Or, How to Stop The Divi Visual Builder Spinning Dots of Death
Here at Webidextrous, we maintain several websites for our clients who have chosen Pantheon.io for its high-quality security and performance for WordPress and Drupal sites. We like Pantheon.io so much that we became an agency partner.
For anyone not familiar with it, Pantheon.io has rebuilt how hosting works from the ground up to support more robust and secure WordPress hosting. You can read my article about how Webidextrous creates high value for our clients via Pantheon.io on their website.
Sometimes with added security and performance come a few inconveniences. About a week ago, as I was editing a few sites that use the popular Divi theme builder by Elegant Themes, I noticed that the Visual Builder was not loading. It would begin to load, and then would get stuck on the “spinning dots” preloader.
I remembered that I had recently upgraded from Divi 4.0.5 to 4.0.6. Usually, a Divi upgrade has at least one bug that can affect most sites. So, I rolled back to 4.0.5 and that solved the issue. It was definitely the Divi 4.0.6 Visual Builder that was having problems.
But that was only a temporary solution. Eventually, I’d want to upgrade to 4.0.6 and beyond. If this issue was something more permanent and systemic, I needed to know.
The Solution (For Now)
Long story short, and after lots of trial and error and testing of the Divi 4.0.6 Visual Builder, plus many rounds with the Divi community and Elegant Themes chat support later, I had a solution in hand. I share it here with you now in case you’re a Pantheon.io agency or site owner. It may also be applicable on other hosts that choose to make the live WordPress site more secure from malware injections by making the production site 100% read-only.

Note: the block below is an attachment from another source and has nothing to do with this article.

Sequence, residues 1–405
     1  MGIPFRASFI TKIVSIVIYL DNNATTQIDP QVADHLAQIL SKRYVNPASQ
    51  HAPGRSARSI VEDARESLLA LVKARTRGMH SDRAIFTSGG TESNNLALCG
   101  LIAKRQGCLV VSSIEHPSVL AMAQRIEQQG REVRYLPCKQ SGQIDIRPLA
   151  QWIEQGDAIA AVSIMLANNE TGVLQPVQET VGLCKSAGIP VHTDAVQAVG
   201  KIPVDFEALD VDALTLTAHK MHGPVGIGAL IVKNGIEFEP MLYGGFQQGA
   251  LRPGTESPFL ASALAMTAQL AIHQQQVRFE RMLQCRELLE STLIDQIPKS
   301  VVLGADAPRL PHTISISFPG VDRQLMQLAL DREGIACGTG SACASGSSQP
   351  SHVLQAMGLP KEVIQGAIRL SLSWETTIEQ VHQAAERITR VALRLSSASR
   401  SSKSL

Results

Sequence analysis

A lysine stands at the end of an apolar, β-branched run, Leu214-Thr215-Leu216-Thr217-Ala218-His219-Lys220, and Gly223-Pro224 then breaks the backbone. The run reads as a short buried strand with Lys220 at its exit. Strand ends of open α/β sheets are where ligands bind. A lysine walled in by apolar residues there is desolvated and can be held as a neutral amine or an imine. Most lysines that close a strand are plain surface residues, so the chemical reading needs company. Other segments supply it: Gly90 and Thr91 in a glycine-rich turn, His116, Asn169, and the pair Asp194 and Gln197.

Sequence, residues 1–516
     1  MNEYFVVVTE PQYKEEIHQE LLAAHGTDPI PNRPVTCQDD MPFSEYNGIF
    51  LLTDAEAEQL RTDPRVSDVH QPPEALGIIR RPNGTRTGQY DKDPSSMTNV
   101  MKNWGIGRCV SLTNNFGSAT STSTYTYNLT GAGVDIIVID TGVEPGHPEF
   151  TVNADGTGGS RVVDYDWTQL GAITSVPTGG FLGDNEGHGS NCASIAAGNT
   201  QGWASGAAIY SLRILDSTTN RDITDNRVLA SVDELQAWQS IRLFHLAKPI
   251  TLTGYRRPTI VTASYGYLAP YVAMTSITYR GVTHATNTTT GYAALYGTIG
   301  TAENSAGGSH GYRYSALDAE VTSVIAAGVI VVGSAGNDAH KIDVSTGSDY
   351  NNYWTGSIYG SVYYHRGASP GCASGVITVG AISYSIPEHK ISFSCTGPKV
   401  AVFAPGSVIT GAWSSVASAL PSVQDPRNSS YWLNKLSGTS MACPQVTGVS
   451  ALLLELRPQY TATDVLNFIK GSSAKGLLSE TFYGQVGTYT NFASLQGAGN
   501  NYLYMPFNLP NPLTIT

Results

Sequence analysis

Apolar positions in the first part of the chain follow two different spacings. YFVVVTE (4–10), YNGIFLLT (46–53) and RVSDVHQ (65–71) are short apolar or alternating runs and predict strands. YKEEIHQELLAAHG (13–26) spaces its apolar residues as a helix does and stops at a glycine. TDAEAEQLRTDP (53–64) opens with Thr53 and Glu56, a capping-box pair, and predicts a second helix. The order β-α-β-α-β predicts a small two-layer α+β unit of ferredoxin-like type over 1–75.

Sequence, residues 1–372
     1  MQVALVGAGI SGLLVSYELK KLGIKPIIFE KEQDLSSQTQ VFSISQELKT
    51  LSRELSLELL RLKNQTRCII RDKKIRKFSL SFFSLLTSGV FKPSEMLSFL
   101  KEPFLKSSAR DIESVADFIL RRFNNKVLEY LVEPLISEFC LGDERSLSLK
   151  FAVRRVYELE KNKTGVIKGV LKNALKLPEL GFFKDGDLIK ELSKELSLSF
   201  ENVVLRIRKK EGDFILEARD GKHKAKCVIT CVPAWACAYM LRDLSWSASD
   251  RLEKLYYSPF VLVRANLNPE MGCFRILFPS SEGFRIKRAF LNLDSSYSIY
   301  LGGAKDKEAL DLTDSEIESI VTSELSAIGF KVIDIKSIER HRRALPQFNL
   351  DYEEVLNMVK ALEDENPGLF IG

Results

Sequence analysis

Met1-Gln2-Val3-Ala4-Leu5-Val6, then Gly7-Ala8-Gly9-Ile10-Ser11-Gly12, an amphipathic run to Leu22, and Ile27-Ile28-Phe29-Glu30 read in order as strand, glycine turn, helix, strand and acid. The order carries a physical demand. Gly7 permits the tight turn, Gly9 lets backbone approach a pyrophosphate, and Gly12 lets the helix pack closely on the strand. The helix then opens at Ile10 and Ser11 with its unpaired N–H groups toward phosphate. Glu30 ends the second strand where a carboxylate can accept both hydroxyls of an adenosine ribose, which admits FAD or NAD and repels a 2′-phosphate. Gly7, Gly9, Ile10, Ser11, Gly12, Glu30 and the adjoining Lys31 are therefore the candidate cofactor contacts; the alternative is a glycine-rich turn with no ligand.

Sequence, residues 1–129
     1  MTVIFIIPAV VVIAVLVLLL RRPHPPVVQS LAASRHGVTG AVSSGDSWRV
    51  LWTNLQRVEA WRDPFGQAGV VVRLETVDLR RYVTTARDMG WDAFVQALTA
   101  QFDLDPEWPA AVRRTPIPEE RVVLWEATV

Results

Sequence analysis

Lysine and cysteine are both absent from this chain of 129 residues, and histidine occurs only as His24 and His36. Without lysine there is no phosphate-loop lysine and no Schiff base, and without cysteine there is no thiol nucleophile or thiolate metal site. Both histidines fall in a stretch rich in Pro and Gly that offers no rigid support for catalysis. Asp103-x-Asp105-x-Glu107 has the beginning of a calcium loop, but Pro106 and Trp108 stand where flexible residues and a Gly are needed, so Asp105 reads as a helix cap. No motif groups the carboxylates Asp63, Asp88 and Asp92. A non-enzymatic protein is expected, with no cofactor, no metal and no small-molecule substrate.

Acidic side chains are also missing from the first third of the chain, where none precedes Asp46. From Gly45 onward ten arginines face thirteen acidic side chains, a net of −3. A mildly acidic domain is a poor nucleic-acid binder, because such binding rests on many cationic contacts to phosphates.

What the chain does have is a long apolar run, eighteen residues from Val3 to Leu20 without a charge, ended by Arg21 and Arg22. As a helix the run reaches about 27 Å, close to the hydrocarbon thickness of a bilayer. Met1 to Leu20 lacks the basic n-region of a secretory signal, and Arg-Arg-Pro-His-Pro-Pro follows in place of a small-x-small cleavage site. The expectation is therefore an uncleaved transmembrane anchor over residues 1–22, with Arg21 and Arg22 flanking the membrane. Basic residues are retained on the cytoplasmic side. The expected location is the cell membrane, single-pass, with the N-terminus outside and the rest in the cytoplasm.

/files/et-cache/to the filesystem.
- Create et-content symlink pointing to
/code/wp-content/per instructions from “Using Extensions That Assume Write Access” in the Pantheon Docs.
/files/et-cache/via the SFTP client.
- Add this to
if ( ! defined( 'FS_METHOD' ) ) define( 'FS_METHOD', 'direct' );
- Update to Divi 4.0.6.
- Test and deploy.
Gone are the days of clicking “Update” and hoping for the best. Let Webidextrous manage your maintenance. We’ll give you back your time and peace of mind.
Why Did This Happen?
In the updates to 4.0.6, the /cache/ directory that the Divi theme was writing to changed paths. The new path is now /et-cache/. That’s basically it. Pantheon.io just needs to know the new path and map it to its writeable, secure filesystem via a symlink.
As to why this happens in general, well, it’s because as awesome as WordPress is, it was built around a hosting ecosystem that is inherently insecure.
Hosting got that way because hosting has largely been an exercise in patching together different bits of software to try to efficiently serve web pages to browsers.
So, WordPress theme and plugin developers have gotten used to being able to write pretty much whenever and whatever they want to WordPress directories.
Pantheon.io aims to change that default behavior while still accommodating the need for plugins and themes to write somewhere.
This added security results in our needing to do a little extra work to ensure the site remains stable and secure.